Second Test

INDIA v ENGLAND 1992-93

Toss: India. Test debut: R. J. Blakey.

England were well beaten by 11 men and a plate of prawns as India won the match - and with it the series - by an innings and 22 runs. The night before the match Gooch and Gatting had eaten in the Chinese restaurant at the team's hotel; their meal included an extra plate of prawns. Shortly before the start of play Gooch, complaining of sickness and dizziness, was forced to withdraw from the game. Later, after acting-captain Stewart had lost the toss, Gatting and Smith, who had apparently eaten chicken in his room, both left the field feeling ill. There followed considerable debate as to whether the players had ignored the advice they were given about diet. But since the team had previously eaten plenty of both seafood and Chinese food (which is very common in India) with no ill effect, the management decided not to add disciplinary action to the players' troubles. England then started preparing their own lunchtime buffet for the players, consisting of corned beef, baked beans and nan bread served by manager Bob Bennett, physiotherapist David Roberts and chaplain Andrew Wingfield Digby in the dressing-room, known thereafter as Bob's Bistro.

This was the third time Gooch had been forced to drop out overseas since he became captain. The effect was predictable. In his absence from the final two Tests in the West Indies in 1989-90, England lost in Barbados and Antigua to surrender a 1-0 lead. They lost again in Brisbane in the First Test of the 1990-91 Ashes series, a defeat from which they never recovered. The sequence continued here after England exacerbated their problems with another piece of muddled selection. In the absence of their most experienced batsman and opener, and with Smith and Gatting both poorly, it seemed obvious to everyone outside the tour selection committee that the fit-again Atherton must play. However, Stewart's reluctance to open the batting, keep wicket and captain the side led them to include Blakey as wicket-keeper and Smith as Stewart's opening partner. Atherton was not even among the four substitutes used on the first day.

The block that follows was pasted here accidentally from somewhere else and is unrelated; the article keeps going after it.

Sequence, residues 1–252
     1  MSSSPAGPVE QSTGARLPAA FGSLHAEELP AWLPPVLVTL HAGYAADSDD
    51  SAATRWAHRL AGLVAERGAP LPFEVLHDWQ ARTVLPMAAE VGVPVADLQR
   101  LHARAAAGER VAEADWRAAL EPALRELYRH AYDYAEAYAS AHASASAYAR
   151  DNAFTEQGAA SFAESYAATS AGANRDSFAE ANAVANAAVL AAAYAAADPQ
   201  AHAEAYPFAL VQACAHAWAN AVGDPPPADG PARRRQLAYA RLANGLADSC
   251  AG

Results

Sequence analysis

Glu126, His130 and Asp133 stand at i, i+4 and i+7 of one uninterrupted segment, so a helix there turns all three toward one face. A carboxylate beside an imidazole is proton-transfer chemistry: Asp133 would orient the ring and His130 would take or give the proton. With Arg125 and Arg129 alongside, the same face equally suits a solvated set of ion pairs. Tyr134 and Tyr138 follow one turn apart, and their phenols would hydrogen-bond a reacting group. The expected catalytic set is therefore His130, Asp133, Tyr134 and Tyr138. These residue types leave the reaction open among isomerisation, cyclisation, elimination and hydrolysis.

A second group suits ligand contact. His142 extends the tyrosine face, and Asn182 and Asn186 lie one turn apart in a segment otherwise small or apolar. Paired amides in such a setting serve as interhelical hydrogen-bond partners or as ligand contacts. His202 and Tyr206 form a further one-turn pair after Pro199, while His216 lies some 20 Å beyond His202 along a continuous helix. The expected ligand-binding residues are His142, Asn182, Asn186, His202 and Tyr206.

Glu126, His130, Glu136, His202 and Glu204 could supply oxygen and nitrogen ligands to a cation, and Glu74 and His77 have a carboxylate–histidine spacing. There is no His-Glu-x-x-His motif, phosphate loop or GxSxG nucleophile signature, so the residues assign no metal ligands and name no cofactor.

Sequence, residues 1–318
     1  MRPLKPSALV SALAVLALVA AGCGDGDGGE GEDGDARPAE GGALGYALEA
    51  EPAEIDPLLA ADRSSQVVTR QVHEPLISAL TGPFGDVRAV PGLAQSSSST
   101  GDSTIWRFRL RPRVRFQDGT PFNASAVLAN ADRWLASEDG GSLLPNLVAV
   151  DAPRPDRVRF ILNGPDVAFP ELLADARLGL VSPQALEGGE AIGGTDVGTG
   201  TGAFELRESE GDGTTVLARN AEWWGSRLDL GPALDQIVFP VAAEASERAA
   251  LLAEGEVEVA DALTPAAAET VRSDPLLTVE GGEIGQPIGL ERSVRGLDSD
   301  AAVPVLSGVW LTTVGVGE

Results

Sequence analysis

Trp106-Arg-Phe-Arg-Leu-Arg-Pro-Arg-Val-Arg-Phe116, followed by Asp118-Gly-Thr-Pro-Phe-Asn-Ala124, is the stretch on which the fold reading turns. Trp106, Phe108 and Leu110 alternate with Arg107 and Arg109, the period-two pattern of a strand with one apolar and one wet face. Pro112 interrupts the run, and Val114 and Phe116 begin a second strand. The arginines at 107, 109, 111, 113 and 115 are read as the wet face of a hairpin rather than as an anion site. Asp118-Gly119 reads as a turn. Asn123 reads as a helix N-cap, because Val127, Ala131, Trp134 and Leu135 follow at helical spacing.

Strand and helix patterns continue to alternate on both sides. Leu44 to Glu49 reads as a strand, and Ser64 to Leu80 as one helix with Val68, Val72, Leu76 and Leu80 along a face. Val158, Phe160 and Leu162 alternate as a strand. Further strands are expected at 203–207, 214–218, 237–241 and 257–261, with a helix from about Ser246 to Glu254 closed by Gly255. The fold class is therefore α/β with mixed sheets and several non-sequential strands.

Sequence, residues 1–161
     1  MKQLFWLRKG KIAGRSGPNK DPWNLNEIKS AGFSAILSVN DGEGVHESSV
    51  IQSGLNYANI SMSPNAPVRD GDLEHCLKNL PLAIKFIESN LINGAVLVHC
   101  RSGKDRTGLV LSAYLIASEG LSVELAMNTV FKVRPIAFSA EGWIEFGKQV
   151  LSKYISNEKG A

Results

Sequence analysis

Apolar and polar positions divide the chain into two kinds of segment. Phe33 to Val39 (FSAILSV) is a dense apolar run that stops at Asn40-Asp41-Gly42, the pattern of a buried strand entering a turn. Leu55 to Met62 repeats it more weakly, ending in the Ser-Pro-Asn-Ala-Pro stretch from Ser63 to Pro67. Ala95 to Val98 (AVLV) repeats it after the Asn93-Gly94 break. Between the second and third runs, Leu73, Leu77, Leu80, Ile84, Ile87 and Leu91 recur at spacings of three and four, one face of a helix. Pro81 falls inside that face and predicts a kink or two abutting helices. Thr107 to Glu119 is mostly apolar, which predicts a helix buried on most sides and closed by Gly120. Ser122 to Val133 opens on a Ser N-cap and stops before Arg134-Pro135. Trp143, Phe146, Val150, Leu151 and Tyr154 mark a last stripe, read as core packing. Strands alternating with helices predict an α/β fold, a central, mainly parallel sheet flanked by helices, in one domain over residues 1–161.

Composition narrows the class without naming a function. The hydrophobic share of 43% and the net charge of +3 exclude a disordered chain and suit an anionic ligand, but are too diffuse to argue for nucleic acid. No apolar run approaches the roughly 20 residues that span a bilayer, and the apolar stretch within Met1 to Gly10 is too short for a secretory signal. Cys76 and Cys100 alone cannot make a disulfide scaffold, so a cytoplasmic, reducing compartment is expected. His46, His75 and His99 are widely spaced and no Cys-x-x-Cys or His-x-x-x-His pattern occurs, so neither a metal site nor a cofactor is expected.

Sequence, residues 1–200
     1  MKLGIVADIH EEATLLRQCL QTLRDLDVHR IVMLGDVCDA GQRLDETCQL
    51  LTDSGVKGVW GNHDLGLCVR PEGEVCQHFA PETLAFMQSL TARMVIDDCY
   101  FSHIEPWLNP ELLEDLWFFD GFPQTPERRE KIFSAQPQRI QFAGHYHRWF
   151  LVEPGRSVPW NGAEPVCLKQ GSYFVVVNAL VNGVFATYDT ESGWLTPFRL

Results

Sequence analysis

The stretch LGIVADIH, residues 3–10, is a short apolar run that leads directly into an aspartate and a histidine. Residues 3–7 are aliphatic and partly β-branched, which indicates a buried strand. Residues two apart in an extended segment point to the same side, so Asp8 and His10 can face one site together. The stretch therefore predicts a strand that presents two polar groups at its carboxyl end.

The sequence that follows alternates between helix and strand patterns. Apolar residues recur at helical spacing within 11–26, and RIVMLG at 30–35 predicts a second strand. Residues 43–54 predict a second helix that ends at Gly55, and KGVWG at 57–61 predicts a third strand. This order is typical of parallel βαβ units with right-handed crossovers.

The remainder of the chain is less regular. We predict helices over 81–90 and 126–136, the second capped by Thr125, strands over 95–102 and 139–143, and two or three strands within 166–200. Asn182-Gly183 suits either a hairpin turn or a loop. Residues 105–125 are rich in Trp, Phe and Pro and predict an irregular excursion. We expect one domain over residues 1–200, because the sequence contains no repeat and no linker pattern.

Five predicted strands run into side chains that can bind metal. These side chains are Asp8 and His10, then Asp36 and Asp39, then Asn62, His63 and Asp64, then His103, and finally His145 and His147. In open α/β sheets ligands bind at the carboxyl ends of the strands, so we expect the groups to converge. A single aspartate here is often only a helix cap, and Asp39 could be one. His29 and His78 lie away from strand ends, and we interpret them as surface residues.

The pattern of play was much the same as it had been in Calcutta. Sidhu, on the first day, and Tendulkar, on the second, completed excellently-crafted centuries in India's first innings total of 560 for six declared, their highest total against England at home. Tendulkar's six-hour 165 - including 24 fours and a six - was a gem but, had a third umpire, using TV replay, been on hand to review a run-out attempt by Lewis when he was on nine, India might not have made such a conclusive total. Kapil Dev, in his 122nd Test, made 66 not out; when he reached 35 he became the first man to score 5,000 Test runs and take 400 wickets. The lack of penetration in England's bowling was again disappointing. Tufnell, whose omission from the Calcutta Test had caused such controversy, finished wicketless after 41 overs, Salisbury bowled too many long hops and, on a pitch that was playing easily, Lewis, Jarvis and Malcolm posed no threat to the Indian batsmen.

England could take a little comfort in decent scores by Stewart, Hick, who was at last beginning to look the part, and Fairbrother, with his first Test fifty. But the loss of six wickets for 63, in the time-honoured fashion of England collapses, meant that they could not avoid the follow-on. After a fifty from Smith, the highlight of the second innings was an exciting maiden Test hundred by Lewis, who decided to attack on the basis that England had nothing to lose, and reached three figures with a six off Raju, shortly before the close of the fourth day, his 25th birthday. The Lewis interlude lasted only 170 minutes and it took India just 35 minutes of the final morning to finish the match. Again the spinners, Kumble, Raju and Chauhan, did the damage, exposing England's leaden-footed lack of technique; as in Calcutta, they took 17 of the 20 wickets. In the second innings the leg-spinner Kumble bowled quite beautifully to take six for 64 as England duly and meekly succumbed to their heaviest defeat by India and only their second by an innings. The previous instance was also at Madras, in 1951-52. Afterwards, Fletcher bemoaned the lack of turning pitches in domestic cricket which meant that England's batsmen were ill-equipped for these conditions.

Man of the Match: S. R. Tendulkar.

Close of play: First day, India 275-2 (N. S. Sidhu 104*, S. R. Tendulkar 70*); Second day, England 19-0 (R. A. Smith 6*, A. J. Stewart 10*); Third day, England 221-7 (N. H. Fairbrother 38*, P. W. Jarvis 0*); Fourth day, England 231-8 (C. C. Lewis 108*, P. C. R. Tufnell 10*).

© John Wisden & Co
 
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